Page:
People with chronic fatigue syndrome aren't able to improve their symptoms through rest and find it difficult to work and take part in a social activities due to their tiredness. Researchers haven't been able to pinpoint the exact causes of chronic fatigue syndrome, but it's possible that stress can trigger the condition due to high inflammation in the body.
You're grinding your teeth at night.
Bruxism, a condition in which you grind or clench your teeth at night, is a common side effect of stress. According to the Mayo Clinic, people with bruxism can develop jaw pain, headaches, and tooth damage. If you suspect you have bruxism, consult your doctor or dentist about oral appliances that can help protect your teeth.
You have chronic migraines and headaches.
As deadlines and meetings pile up, there's a risk you could develop a splitting headache—or worse, a migraine. While there are many lifestyle and medical factors that contribute to migraine attacks, a Feb. 2014 study from the American Academy of Neurology shows that stress is associated with tension-type headaches and migraines. "Chronic inflammation in the brain [due to stress] can affect blood flow, and therefore can trigger migraines and headaches," Kaiser explains.
You're constantly craving sweets and fatty foods.
It's no secret that when you don't get enough sleep and are stressed, you're more likely to consume more calories, which can lead to weight gain. And when you're not feeling great, you're more likely to reach for sweets and processed snacks as a form of comfort since your hunger hormones—leptin and ghrelin—are out of whack, as a 2018 study published in the journal Obesity notes.
Your blood sugar levels are all over the place.
For those who stress eat, you need to be careful about controlling your cravings since those comfort foods can cause spikes and dips in blood sugar. "Stress raises your blood sugar levels so your body produces more insulin, but over time, you become insulin resistant because these circuits are firing at full capacity at all times," Kaiser says.
Your skin is breaking out.
While there are many different causes of acne, including hormonal imbalances and bacteria, high cortisol levels in the body caused by stress can increase oil production in the skin and lead to breakouts, according to the American Academy of Dermatology (AAD). If you notice that your acne is occurring at the same time as a seriously stressful situation, try getting a handle on your stress levels and clear skin should follow.
You're developing fine lines and wrinkles.
Stress can have a bigger impact on your appearances than you might realize. A Nov. 2009 study in the journal Brain, Behavior, and Immunity shows that stress can lower collagen production in the skin, causing you to become more susceptible to developing wrinkles and fine lines. What's more, severe stress can also trigger more serious skin issues, such as psoriasis, atopic dermatitis, and contact dermatitis, according to a June 2014 study in Inflammation & Allergy Drug Targets.
You're getting cold sores or shingles rashes.
Shingles is a painful rash that is caused by a viral infection—the same one that causes chickenpox. While the virus is usually dormant, stress can reactivate it by weakening the immune system, according to the National Institute on Aging. The same goes for herpes infections, which cause cold sores.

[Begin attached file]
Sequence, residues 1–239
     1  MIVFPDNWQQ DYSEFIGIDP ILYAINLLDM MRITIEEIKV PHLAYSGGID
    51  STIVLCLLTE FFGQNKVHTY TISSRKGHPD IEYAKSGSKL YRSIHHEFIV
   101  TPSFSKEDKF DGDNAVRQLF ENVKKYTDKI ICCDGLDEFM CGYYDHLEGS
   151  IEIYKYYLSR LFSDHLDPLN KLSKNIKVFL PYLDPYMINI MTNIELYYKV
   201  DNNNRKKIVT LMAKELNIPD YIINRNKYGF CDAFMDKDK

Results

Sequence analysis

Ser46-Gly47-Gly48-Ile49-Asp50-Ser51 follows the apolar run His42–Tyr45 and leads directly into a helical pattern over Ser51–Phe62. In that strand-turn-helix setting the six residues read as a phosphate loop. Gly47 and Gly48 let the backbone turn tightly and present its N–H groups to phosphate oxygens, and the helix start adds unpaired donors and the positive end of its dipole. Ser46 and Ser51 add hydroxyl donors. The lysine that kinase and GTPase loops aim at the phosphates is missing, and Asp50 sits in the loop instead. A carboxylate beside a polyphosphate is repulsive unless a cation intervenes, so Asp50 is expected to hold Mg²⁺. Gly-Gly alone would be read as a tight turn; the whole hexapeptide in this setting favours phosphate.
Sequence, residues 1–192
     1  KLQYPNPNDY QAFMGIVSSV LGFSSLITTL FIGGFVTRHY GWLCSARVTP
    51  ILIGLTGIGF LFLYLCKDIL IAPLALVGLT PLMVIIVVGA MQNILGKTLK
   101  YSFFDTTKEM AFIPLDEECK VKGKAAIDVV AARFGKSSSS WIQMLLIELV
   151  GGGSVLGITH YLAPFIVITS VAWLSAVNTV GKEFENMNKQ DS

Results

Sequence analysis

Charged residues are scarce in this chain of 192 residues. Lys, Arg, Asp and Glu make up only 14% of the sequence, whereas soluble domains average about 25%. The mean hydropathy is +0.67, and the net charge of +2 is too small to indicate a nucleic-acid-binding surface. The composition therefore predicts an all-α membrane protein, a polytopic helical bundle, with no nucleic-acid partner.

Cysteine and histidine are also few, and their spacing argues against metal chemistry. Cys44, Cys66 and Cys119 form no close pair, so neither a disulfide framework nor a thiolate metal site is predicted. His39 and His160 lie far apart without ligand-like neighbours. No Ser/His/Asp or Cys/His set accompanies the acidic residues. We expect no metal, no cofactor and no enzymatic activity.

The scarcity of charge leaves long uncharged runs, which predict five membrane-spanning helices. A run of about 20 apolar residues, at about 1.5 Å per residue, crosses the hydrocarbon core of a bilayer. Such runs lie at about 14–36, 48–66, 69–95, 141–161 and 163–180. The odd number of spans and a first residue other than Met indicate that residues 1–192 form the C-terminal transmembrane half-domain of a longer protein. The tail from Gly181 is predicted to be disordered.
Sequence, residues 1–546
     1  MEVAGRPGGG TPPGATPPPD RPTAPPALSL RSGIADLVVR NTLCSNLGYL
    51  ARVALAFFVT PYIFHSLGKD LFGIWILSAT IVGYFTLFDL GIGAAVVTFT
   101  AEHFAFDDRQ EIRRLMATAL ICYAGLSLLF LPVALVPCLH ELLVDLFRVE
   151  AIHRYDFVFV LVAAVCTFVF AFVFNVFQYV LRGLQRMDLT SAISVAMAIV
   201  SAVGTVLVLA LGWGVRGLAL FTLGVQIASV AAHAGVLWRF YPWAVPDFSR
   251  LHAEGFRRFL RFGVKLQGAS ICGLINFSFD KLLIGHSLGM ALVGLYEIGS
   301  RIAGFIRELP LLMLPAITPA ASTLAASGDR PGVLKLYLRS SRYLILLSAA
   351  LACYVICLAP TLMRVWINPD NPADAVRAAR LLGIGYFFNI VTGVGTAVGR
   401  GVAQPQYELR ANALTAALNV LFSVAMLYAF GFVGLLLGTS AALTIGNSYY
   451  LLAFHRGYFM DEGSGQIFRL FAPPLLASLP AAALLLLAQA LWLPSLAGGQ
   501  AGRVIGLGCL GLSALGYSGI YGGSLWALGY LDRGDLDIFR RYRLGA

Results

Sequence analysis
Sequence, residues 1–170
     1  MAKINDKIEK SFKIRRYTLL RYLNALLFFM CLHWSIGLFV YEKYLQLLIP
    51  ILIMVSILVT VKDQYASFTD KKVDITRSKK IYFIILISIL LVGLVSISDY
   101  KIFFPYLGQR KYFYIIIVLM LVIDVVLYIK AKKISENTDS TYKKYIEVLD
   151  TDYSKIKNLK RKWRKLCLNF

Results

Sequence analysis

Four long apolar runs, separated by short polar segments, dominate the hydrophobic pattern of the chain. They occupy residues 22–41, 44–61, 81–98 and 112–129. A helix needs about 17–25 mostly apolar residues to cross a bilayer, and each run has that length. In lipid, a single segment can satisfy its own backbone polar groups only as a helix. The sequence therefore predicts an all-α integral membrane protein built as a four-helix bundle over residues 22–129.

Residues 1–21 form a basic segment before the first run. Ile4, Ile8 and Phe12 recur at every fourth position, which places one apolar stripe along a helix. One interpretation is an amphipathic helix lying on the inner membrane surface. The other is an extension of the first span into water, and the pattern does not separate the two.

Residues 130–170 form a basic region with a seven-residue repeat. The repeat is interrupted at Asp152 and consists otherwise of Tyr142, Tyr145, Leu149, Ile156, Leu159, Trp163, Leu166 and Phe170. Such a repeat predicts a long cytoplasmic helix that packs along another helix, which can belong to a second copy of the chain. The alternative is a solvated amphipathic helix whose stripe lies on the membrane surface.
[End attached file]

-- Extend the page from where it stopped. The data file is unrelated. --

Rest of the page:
Your blood pressure is elevated.
Stress is a major risk factor for hypertension and cardiovascular disease. "When you're constantly dealing with a barrage of stressors, whether it's financial stress or stress at work, it incites a physiological response to increase your blood pressure. Chronic high blood pressure over time can increase your risk of stroke, heart attack, and dementia," Kaiser explains.
To help you lower your blood pressure from stress, Kaiser recommends practicing simple breathing techniques. "We take breathing for granted. Just pausing to have some awareness of your breath can help you relax instantly," he says. "I count the inhalation and exhalation of my breath and focus on the depth of each breath."
You're having breathing issues.
Speaking of breathing, shortness of breath, heart palpitations, and asthma symptoms have all been linked to increased levels of stress and anxiety. And interestingly enough, an Apr. 2018 study in Allergy and Clinical Immunology found that children of women who experience stress and anxiety during pregnancy are more likely to develop asthma and other breathing disorders.
Your libido is low.
When you're under a lot of pressure, your sex drive can take a hit. That's because, according to a Feb. 2015 study in Frontiers in Neuroscience, stress, anxiety, and depression lower your testosterone levels. "Our hormones help us thrive. Estradiol helps with hot flashes, night sweats, vaginal dryness, and fertility, while progesterone helps with sleep, anxiety, and mood. Testosterone helps with motivation, drive, libido, and energy. Stress robs us of these hormones," explains Stephanie Gray, DNP, founder of Integrative Health and Hormone Clinic in Hiawatha, Iowa.
The best way to improve your libido and boost your testosterone levels is by creating time for intimacy and having honest conversations with your partner. This not only strengthens your relationship and eases your anxiety, but also creates an emotional bond that can lead to better sex.
You're struggling to get pregnant.
There are many factors that affect a woman's fertility, stress included. An Oct. 2018 study on more than 4,000 women published in the American Journal of Epidemiology showed that women with higher stress levels found it harder to conceive.